By: Sanna Heikkinen & Tomas Tanskanen
Many patients with cancer have coexisting diseases called comorbidities. Some comorbidities precede cancer diagnosis more often than might be expected by chance, which suggests a potential role in cancer development. A well-known example is inflammatory bowel disease complicated by colorectal cancer. Moreover, comorbidity can have a major impact on the prognosis of a patient with cancer. Cancers and comorbidities may or may not interact with each other, and the possible relationships between them can result from a variety of shared or unique factors.
The Age Factor
Age increases the risk of many cancers and chronic diseases. Therefore, as populations age, we expect to see a rising number of patients with cancer and comorbidities. Finland has one the oldest populations in Europe, and the share of persons over 65 years of age is expected to further increase in the future. Currently, the median age at cancer diagnosis is around 70 years, and at the end of 2020, there were already over 300,000 persons living with a previous diagnosis of cancer. Due to earlier diagnosis and improved cancer care, more and more of the cases can be cured or brought into remission. With improvements in survival and aging of cancer patients, the number of patients with complex clinical problems is likely to increase as cancer is more often a chronic, long-term disease, and many patients also have other age-related conditions.
The Finnish Center of Excellence in Tumor Genetics Cohort Study
Many diseases are known to affect the risk of cancer, but systematic scientific research on the topic is lacking. To respond to this need, the Finnish Center of Excellence in Tumor Genetics (CoETG) has designed a population-based cohort study with 2.5 million Finns, including data on their cancers and other diseases over several decades. By linking data from the Finnish Cancer Registry and the Care Register for Health Care, we have already identified 100,000 pairs of cancers and non-cancerous diseases for further investigation.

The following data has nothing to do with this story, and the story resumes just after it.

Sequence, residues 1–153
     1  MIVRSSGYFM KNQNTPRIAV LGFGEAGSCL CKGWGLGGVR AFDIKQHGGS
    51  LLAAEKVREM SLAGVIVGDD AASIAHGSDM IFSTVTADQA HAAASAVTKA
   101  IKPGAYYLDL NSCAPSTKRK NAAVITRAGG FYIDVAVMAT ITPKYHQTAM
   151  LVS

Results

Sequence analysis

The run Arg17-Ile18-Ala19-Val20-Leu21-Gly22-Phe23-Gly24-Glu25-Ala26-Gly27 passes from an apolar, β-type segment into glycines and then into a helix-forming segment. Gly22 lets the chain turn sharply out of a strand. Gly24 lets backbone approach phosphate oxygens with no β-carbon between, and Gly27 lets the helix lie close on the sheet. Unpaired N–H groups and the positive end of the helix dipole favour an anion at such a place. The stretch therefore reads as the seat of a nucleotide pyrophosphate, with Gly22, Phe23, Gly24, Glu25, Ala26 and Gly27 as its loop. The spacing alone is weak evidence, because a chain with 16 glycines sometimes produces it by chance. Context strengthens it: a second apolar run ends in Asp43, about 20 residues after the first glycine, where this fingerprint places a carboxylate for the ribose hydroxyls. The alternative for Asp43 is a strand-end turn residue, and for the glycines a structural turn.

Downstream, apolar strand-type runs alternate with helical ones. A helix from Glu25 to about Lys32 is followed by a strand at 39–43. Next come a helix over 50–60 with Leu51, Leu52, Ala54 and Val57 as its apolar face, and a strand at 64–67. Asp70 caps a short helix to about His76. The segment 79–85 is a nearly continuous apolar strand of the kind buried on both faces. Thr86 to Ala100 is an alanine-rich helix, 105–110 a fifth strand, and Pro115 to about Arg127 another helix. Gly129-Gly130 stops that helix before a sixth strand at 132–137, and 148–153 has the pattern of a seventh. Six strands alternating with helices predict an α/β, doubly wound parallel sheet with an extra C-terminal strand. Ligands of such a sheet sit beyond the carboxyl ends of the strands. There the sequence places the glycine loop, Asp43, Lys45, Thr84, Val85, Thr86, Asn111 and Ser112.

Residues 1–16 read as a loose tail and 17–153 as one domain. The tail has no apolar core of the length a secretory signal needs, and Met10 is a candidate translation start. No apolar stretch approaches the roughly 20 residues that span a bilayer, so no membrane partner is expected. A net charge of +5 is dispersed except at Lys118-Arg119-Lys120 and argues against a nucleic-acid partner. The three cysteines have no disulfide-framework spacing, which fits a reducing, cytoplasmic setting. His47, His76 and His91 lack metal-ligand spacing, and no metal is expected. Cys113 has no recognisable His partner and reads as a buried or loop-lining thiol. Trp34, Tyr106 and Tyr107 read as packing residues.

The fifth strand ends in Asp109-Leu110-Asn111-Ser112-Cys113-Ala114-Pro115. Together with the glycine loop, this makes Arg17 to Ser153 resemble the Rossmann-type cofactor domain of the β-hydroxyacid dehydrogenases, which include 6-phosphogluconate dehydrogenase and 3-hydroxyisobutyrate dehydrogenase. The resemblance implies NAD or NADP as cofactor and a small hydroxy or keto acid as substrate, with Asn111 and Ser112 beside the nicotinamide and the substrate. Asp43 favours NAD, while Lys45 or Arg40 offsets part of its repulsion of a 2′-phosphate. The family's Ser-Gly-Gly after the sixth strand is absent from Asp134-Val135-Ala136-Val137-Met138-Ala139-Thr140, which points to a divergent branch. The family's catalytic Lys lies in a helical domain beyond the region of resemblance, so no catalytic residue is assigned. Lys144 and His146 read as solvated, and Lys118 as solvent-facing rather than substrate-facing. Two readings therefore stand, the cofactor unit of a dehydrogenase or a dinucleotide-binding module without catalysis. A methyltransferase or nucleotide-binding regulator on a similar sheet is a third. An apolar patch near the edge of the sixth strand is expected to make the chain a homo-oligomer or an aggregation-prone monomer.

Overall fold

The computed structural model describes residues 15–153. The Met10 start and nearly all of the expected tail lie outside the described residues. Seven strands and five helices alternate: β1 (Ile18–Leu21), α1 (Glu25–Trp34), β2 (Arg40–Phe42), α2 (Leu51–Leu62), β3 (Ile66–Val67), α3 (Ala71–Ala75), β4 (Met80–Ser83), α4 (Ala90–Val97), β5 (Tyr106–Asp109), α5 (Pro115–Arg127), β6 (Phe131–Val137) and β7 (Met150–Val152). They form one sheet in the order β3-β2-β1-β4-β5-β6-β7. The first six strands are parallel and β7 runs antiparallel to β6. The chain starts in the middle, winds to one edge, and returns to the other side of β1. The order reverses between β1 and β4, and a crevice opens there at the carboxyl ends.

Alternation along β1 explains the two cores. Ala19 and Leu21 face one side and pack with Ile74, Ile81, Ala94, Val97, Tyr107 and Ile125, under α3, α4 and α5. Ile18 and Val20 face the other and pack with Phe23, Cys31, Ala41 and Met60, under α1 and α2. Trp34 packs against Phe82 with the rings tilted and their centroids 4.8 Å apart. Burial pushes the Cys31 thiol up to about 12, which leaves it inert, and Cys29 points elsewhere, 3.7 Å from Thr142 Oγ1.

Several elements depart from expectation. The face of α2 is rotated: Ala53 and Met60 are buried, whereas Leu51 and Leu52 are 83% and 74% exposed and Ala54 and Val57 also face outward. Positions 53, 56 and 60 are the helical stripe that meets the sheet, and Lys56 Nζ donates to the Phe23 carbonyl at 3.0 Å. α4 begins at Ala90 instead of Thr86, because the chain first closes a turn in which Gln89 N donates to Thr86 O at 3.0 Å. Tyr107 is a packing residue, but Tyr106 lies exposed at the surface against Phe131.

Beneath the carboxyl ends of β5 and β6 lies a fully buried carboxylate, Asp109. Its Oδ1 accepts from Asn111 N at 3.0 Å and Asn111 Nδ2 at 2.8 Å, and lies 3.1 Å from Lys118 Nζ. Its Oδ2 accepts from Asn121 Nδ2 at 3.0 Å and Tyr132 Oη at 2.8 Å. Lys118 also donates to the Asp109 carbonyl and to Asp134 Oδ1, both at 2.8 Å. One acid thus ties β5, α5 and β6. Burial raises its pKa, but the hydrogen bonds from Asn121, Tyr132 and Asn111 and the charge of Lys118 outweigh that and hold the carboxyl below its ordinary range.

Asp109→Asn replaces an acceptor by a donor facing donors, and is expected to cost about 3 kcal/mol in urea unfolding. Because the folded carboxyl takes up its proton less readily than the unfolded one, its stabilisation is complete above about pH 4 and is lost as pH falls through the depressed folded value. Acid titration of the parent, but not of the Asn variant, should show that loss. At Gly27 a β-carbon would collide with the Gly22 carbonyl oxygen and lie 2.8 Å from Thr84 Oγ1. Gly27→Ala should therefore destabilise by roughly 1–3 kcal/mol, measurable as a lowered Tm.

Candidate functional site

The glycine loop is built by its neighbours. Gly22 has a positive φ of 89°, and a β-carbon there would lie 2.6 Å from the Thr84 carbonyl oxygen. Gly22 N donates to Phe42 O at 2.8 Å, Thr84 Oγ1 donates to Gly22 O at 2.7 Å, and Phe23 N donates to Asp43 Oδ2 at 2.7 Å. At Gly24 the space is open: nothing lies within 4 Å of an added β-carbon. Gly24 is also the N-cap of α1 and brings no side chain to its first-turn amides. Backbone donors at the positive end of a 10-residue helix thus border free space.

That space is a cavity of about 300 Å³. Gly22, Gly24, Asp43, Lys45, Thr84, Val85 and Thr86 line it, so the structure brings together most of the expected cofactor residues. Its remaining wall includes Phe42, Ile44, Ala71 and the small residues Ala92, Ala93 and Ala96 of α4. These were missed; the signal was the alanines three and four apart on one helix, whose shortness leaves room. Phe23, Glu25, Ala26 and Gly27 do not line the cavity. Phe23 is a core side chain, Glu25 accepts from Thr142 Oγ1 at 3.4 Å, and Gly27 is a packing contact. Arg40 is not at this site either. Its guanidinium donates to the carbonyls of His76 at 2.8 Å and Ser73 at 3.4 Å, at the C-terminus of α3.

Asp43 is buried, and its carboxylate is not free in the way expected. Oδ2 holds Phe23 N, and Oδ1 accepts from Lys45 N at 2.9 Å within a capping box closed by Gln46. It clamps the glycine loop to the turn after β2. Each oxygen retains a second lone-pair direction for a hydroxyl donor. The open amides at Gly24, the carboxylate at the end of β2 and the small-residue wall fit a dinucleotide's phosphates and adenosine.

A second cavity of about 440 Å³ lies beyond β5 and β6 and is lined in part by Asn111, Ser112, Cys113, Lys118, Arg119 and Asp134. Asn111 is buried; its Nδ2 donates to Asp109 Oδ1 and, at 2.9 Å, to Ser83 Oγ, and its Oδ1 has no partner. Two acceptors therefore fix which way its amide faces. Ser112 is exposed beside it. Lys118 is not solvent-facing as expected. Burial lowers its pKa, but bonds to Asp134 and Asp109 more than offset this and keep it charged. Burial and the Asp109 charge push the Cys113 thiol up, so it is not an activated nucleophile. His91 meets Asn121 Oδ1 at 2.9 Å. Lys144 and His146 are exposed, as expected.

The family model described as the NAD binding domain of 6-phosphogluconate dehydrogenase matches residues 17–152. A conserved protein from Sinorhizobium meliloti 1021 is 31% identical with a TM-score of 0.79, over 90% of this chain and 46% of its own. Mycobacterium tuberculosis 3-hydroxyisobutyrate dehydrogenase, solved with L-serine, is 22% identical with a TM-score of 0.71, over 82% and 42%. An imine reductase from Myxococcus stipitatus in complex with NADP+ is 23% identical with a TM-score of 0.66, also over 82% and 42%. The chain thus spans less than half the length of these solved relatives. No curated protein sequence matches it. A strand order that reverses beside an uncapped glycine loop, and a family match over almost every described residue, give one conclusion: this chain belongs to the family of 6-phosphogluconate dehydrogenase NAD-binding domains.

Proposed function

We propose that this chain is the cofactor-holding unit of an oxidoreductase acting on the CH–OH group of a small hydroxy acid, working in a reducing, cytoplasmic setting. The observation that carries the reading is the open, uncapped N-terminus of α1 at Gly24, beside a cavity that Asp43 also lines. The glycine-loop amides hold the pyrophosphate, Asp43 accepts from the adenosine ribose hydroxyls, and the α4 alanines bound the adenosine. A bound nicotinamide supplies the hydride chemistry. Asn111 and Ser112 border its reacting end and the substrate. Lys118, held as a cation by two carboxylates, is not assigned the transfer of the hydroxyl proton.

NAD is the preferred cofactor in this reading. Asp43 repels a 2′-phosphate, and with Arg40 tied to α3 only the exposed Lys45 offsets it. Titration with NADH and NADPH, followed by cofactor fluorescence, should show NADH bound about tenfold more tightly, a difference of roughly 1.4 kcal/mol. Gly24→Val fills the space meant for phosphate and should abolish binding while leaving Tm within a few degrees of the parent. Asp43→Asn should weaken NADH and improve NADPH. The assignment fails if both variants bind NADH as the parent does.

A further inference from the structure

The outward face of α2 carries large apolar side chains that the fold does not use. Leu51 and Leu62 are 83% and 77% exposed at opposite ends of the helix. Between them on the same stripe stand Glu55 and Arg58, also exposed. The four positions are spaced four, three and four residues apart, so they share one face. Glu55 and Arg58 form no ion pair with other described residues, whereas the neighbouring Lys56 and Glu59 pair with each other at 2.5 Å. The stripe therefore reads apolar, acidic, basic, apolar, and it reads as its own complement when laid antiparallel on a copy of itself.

Working with Complex Observational Data
The study is large enough to detect associations even between rare diseases and subsequent cancer. Long-term follow-up permits the detection of increased cancer risk after a latency of years or decades. Multivariable statistical models will be used to study the occurrence of cancer in persons with or without previous medical conditions. Even after accounting for known confounders and random variability, however, we cannot achieve certainty over the nature of the observed relationships. For example, persons with known medical conditions are more likely to undergo medical examinations and diagnostic tests than those without, which can lead to surveillance bias. In some patients, increased cancer risk may be due to treatments such as cytotoxic agents or immunosuppressants. Although causal relationships may be complex, the identification of previously unknown disease associations can benefit the scientific community by highlighting new research areas, while also bringing direct benefit to patients in the form of counselling and monitoring.
After extensive statistical analysis, we aim to identify the relevant tumor samples through accurate, reliable registries and investigate their genetic and other biological characteristics. This may advance our understanding of the pathogenesis of comorbidity-related cancers. A better understanding of the role of comorbidity in carcinogenesis is important for cancer prevention in patient populations and may also suggest hypotheses for the development of personalized cancer treatments. Large population-based studies spanning nearly all cancers and comorbidities are rarely possible. The CoETG is thankful for the opportunity to conduct this study, and we are eagerly looking forward to publishing the first results on autoimmune diseases and cancer.
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